Tag der Biomathematik

20 Jahre Biomathematik in Greifswald

Im Jahr 2018 feiert der Studiengang Biomathematik in Greifswald sein 20-jähriges Jubiläum, und gleichzeitig haben die European Mathematical Society und European Society for Mathematical and Theoretical Biology das Year of Mathematical Biology ausgerufen.

Aus diesem Anlass veranstalten wir einen Tag der Biomathematik in Greifswald und laden Studierende, Studieninteressierte, Alumni und alle, die Interesse an der Biomathematik haben, dazu herzlich ein.

Demnächst: Weitere Informationen zum Programm

8. September 2018


1st Greifswald Summer School on Mathematics of Evolution

for PhD-students, PostDocs and advanced graduate students

As part of the Year of Mathematical Biology we proudly announce GreifOlution, the 1st Greifswald Summer School on Mathematics of Evolution (kindly funded by the DAAD, the German Academic Exchange Service).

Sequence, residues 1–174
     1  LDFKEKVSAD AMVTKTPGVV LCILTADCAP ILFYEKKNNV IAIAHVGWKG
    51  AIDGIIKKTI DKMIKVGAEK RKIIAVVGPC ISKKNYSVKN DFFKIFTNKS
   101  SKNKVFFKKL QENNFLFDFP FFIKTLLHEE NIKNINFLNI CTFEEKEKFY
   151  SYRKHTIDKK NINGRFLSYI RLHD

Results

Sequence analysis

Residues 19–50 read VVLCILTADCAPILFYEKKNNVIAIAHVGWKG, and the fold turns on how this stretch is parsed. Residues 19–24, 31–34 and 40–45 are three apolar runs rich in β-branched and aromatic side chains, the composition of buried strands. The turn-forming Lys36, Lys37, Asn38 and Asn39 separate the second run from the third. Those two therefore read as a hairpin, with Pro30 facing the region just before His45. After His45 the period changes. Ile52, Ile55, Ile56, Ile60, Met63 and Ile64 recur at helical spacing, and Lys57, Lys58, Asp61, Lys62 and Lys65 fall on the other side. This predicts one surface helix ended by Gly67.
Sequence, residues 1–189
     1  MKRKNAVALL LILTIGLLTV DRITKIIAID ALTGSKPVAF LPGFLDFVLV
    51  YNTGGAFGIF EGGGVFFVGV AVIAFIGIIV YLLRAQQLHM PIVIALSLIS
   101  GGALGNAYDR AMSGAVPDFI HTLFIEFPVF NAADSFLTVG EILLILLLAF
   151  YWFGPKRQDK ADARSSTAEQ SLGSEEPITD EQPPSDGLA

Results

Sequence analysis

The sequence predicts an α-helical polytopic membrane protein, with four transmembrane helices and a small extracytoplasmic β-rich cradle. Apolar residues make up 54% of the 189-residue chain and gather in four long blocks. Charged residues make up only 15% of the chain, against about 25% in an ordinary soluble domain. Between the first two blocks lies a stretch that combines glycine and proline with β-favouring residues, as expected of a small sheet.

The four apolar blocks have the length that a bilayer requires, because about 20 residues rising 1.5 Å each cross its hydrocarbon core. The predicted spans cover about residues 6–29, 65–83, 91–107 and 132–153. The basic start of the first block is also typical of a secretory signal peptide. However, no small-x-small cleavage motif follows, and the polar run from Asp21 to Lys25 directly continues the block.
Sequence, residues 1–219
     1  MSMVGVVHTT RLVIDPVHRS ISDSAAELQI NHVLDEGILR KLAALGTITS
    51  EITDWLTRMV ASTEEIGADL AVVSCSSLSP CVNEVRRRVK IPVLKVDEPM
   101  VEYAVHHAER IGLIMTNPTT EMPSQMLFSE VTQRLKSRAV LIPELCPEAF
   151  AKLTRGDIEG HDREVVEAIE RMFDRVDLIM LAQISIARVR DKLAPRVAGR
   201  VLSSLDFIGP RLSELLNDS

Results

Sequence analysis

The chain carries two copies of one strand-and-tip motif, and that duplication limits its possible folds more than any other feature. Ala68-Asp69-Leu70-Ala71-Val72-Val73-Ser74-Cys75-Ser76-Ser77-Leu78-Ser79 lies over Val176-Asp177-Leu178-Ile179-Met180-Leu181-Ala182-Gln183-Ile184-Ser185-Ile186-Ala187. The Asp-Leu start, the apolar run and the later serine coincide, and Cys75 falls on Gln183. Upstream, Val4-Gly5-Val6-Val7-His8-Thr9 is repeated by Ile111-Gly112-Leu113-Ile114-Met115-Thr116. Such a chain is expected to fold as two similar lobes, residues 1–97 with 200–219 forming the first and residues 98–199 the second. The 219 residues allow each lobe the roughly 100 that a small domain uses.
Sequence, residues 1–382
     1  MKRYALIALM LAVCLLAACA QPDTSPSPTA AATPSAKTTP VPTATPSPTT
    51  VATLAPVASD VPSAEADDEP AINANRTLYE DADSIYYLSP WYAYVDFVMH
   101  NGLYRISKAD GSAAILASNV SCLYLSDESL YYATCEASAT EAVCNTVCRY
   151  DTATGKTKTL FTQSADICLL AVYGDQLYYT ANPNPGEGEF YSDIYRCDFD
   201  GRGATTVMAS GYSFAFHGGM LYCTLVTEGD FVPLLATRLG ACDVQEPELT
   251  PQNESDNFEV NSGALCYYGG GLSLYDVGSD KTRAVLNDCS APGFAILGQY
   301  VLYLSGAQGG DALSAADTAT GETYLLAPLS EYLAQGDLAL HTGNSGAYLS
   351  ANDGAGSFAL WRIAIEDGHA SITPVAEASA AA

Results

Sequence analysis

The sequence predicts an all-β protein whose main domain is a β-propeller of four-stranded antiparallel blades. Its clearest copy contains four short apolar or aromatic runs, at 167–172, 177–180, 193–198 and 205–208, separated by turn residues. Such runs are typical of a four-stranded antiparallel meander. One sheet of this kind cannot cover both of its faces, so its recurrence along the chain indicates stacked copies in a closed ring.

The main focus of this summer school will be on mathematical models and methods for reconstructing phylogenetic trees and networks, but upon request we might also include some sessions on other related topics, e.g. from population genetics.

Read more


from 16/09/2018 to 22/09/2018

in Greifswald, Germany


Das Kolloquium ist eine gemeinsame Veranstaltung aller Arbeitsgruppen des Instituts für Mathematik und Informatik. Es findet in der Regel dreimal pro Semester statt. Das Kolloquium richtet sich an alle Mitglieder unseres Instituts, an Studierende in unseren Master-Studiengängen, an fortgeschrittene Studierende unserer Bachelor-Studiengänge, sowie an mathematisch interessierte Mitglieder anderer Institute der Mathematisch-Naturwissenschaftlichen Fakultät.

Alle interessierten Zuhörer sind immer herzlich willkommen.